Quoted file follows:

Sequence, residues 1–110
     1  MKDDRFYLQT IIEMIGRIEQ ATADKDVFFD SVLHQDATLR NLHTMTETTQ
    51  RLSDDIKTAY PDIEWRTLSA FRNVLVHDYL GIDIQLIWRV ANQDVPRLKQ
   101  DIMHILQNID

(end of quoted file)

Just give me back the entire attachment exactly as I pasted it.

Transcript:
Sequence, residues 1–110
     1  MKDDRFYLQT IIEMIGRIEQ ATADKDVFFD SVLHQDATLR NLHTMTETTQ
    51  RLSDDIKTAY PDIEWRTLSA FRNVLVHDYL GIDIQLIWRV ANQDVPRLKQ
   101  DIMHILQNID